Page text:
Ms McNeill was obviously having a dig at the police there.

She added: “For the avoidance of doubt, I am sure that the First Minister is aware that the famine song contains the words “The famine is over, why don’t you go home?”, as confirmed by Lord Carloway in his judgment in 2009.

“I welcome the fact that there were three arrests last night in relation to that particular incident and I applaud the fact that Rangers Football Club has just announced an indefinite ban of the members who they identified as being involved in singing the famine song; that must be welcomed.

“I want the First Minister to reassure me that Police Scotland will respond proportionately to those offences and, in doing so, I offer my full support to the First Minister to work with her and everyone to ensure that all forms of racism and bigotry are stamped out in Scotland.”

The First Minister replied: “I thank Pauline McNeill for the question, the way in which she asked it and the offer of support, because we should all come together to tackle this issue.

“I say clearly—and I know that everyone across the chamber will support this—that I take the view that, for anybody who chooses to live in Scotland, whether they and their families have been here for generations or whether they have come to Scotland very recently, it is home. This is their home and we should not allow anybody ever to say—[Interruption.]”

Unless they are English was a comment that came from the Conservative benches from Tess White MSP who, it turned out, had been racially abused for the simple fact that she came from England to Scotland where she was legitimately elected to parliament.

Presumably without knowledge of this, the First Minister insisted in making a show of Ms White by holding her up to public ridicule for stating a fact.

The Presiding Officer said: “I would be grateful if members at all times in the chamber remember that we are privileged to represent the people of Scotland and that at all times in the chamber we treat one another with great dignity and respect.”

The First Minister pressed on: “Presiding Officer, I have just had a comment made to me from a sedentary position. I would not normally do this, but I am so deeply offended by the comment that I want to take it up with you after this meeting, so that, with your permission, the member might be asked to reflect on that and to withdraw the comment.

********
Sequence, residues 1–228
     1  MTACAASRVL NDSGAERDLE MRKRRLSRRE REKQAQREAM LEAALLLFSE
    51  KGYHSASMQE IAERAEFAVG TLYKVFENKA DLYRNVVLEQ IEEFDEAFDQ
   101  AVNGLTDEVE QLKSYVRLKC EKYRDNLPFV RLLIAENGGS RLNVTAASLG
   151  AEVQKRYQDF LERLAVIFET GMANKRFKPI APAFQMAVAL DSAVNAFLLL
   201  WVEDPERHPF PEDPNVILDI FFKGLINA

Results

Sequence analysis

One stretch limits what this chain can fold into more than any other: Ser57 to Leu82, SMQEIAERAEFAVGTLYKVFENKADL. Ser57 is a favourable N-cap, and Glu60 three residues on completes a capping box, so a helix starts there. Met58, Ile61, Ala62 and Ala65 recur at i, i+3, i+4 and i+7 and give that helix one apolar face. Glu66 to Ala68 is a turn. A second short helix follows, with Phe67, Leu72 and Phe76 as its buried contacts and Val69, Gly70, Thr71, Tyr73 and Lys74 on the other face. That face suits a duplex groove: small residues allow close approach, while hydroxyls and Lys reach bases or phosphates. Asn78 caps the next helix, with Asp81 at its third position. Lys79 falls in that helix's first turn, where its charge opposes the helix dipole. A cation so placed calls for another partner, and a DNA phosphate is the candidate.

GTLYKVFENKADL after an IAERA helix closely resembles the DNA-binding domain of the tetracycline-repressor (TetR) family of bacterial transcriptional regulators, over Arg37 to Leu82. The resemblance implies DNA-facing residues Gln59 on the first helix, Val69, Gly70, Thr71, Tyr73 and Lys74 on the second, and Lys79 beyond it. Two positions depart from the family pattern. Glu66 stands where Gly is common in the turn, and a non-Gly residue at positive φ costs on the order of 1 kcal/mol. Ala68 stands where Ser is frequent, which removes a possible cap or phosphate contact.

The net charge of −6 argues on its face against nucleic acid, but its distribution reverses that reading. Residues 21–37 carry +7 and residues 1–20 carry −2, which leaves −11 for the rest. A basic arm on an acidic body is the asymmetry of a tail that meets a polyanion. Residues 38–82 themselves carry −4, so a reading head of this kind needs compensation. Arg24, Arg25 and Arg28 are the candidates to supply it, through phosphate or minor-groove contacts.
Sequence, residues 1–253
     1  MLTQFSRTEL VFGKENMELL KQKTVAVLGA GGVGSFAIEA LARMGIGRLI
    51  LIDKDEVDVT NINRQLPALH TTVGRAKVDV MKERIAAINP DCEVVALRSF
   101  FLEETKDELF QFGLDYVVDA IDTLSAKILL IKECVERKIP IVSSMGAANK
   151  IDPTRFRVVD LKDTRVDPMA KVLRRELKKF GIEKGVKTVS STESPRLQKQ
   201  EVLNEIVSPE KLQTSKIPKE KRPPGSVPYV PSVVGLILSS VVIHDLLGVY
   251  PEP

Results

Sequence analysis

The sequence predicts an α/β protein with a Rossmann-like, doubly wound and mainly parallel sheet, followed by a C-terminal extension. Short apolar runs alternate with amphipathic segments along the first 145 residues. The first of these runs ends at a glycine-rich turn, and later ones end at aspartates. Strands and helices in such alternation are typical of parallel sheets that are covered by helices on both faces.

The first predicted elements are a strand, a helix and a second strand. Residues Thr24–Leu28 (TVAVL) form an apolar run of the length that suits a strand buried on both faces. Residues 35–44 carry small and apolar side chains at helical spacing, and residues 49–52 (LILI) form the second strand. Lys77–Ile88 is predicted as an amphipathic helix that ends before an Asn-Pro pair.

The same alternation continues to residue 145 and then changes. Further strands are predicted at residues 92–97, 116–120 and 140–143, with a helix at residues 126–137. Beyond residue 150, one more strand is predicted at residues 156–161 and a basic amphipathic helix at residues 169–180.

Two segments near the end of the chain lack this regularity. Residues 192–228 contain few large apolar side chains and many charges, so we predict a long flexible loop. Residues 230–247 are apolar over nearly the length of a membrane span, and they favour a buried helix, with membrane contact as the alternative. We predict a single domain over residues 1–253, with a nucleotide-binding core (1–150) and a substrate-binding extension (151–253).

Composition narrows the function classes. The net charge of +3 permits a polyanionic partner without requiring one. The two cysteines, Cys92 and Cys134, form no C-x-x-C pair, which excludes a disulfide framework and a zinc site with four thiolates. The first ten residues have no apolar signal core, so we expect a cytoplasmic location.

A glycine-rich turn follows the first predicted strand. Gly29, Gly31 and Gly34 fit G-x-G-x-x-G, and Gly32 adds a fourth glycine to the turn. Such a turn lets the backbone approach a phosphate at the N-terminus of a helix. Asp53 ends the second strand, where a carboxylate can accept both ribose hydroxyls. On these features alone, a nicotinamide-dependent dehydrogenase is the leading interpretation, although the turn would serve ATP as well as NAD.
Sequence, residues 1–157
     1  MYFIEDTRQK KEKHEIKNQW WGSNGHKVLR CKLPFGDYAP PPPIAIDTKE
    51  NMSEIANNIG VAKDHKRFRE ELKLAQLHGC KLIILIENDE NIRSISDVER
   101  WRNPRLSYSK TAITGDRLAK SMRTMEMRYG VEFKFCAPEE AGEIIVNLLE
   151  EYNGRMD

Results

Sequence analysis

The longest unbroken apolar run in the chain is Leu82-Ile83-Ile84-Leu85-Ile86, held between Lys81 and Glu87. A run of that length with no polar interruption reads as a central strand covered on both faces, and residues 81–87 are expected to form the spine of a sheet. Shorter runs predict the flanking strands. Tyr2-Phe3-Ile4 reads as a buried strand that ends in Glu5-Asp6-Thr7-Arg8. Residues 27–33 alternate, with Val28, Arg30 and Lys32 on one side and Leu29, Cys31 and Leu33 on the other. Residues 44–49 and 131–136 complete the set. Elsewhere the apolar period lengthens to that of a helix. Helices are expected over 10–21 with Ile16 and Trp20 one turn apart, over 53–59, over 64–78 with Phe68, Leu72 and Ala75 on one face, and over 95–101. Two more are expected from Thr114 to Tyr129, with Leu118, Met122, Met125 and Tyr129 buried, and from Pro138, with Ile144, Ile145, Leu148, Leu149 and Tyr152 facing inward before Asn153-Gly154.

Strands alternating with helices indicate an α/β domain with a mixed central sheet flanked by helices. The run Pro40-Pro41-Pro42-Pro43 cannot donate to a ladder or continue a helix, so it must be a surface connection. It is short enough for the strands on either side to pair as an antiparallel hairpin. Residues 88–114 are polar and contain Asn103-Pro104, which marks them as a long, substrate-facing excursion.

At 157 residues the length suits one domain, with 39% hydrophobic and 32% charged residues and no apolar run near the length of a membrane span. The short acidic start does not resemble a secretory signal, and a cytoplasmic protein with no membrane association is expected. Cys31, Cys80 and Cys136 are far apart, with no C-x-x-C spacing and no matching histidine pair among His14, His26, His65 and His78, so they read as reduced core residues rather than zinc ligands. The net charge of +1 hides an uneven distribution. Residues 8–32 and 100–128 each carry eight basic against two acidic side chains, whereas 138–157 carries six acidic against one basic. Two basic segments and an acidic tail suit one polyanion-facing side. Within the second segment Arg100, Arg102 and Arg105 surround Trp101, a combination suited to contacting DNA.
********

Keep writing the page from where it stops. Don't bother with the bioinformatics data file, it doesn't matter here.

“It was a comment that would have been unacceptable in any context, but in the context of what we are discussing right now, I am deeply aggrieved that any member thought that that was an appropriate thing to say.

Police officers at a gathering of football fans in Glasgow.

“I go back to the very important question that was asked. All of us—all of us—have a duty to stand against racism, prejudice and bigotry.

“I dedicate myself, not just as First Minister but as a citizen of this country, to always do so. I look forward to working with anybody who stands with me and with people across Scotland in that. I thank Pauline McNeill again for her question.”

Ms Sturgeon gave no indication of what might be done about this. There are no plans to ban Orange Walks or gatherings such as the recent “celebrations” of Rangers FC’s league victory at Ibrox Park and in George Square where considerable damage was done to street furniture and the whole area was trashed.

Unless effective legislation is brought in then sectarianism, which was once described as Scotland’s Shame, is here to stay long into – and possibly even beyond – the 21st century.

Top picture: An Orange Walk being escorted through Dumbarton by mounted police officers.


One comment

  1. Taig baiting sectarianism is here to stay. Its not racism. It is in truth acceptable.

    Calling someone a sexual pervert because they are a transgender man wanting to enter the girls toilet is however a hate crime and this is the reality of the SNP and their Gender Recognition Act – Hate Crime policies.